Working in groups is increasingly popular as a form of assessment. However, it can be stressful: not everyone works in the same way or at the same pace, and you may need to find ways to negotiate these issues.
This guide offers research-informed advice on how to help everyone in your group work together effectively, keeping focused and on track.
When you start any group assignment or project it is a good idea to agree on some basic organisation and how the group will work and communicate together.
A key aspect of good group organisation is starting and finishing with everyone knowing what they are expected to do.
Good group work depends on good listening skills. Do you take in what others are saying? Do you pay attention to their feelings? Do you switch off when you are bored or dislike the speaker?
Try these effective listening strategies:
|Tip: Let the speaker know you are listening and understanding - give encouraging signals like smiling or nodding|
Speak in the group - not at them.
People who speak at a group leave no space for response and tend to dominate. People who speak in a group consider the other members. So:
Most communication is non-verbal: Pay attention to people's body language as this can reveal a lot about how they feel about the group. Are they looking distracted? Have they crossed their arms and are they looking defensive? Do they look upset or confused? Why might this be?
It doesn't take much to stop people engaging in a group - if they suggest something and get knocked back, they may just withdraw. Think about how you would feel if someone criticised your ideas, and keep this in mind when giving feedback.
Disagreement and differing views isn't always bad - it can lead to creative ideas - but conflict is harmful to the group when it becomes personal and aggressive.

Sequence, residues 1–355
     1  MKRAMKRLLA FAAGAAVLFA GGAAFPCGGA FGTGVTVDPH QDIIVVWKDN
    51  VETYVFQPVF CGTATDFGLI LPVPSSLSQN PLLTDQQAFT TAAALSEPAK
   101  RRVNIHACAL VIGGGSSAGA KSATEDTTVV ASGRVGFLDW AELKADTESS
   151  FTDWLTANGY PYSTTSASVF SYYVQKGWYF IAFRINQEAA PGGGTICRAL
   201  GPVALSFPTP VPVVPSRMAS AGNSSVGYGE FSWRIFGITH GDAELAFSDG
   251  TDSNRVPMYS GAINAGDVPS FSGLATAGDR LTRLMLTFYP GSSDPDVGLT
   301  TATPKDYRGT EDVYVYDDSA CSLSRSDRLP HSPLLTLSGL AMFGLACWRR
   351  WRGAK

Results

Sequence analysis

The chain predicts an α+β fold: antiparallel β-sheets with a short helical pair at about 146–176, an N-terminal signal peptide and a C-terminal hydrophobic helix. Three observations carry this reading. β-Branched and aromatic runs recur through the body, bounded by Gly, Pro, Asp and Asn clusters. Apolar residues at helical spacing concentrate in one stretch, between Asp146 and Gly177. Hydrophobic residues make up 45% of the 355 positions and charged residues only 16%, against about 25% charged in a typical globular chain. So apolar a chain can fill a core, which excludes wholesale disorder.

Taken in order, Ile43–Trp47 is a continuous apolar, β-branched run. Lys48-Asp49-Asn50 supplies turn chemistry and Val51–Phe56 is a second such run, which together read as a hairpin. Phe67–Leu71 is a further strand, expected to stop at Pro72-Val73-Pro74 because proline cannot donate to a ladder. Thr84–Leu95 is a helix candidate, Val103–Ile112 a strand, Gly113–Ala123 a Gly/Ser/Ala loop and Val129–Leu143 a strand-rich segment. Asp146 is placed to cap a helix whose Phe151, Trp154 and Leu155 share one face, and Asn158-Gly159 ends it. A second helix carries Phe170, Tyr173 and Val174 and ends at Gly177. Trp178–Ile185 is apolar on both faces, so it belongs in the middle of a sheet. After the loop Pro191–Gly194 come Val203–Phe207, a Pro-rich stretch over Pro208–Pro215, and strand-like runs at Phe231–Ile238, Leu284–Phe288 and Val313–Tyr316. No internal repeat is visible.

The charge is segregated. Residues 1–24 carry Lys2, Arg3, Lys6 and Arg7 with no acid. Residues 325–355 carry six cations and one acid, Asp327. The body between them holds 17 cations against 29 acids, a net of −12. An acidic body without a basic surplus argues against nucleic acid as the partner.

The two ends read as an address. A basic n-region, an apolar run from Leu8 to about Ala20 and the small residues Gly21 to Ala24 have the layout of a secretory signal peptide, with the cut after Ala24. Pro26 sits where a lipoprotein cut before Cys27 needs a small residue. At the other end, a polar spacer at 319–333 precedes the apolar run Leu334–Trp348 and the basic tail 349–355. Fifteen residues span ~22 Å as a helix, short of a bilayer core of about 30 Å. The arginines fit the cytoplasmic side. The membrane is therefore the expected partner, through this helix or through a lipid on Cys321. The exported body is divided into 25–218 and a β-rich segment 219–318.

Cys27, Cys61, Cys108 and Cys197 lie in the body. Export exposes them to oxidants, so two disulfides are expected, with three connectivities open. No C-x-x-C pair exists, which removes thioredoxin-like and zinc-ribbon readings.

Try to use language which doesn't single out people and blame them, but instead makes it clear that you are offering your own feelings and thoughts. Rather than, "You're annoying and always speaking…" instead, "I am hurt because I don't think the group listens to my ideas."
If the group really can't agree on something, discuss the pros and cons of the idea, then have a vote and go with the majority decision.
Taking part in a group doesn't just mean speaking a lot or always offering suggestions. Being a good group member is about being committed to the group and making a contribution that plays to your strengths. For a group to work well it takes a variety of people each playing different roles. Play to your strengths - find something you can contribute. For example, if you don't feel confident doing presentations, instead volunteer to produce the handouts.
What can you do to help the group succeed?
We indicate to other people how well we are listening through our verbal and non-verbal communication. We can use these responses to encourage other members of the group when they are speaking. For example, through:
Help the discussion to flow
It is quite easy to sabotage a group, often unintentionally, through any of the following:
Help all group members to feel involved. If someone is not participating, try asking their opinion or seeing if there is a role they'd like to take on. Try making them feel welcome by chatting before or after the group meets. This will benefit you as well as them - they might be really good at doing a task you hate! Be aware of cultural differences which might be shaping how people are behaving within your group (see below)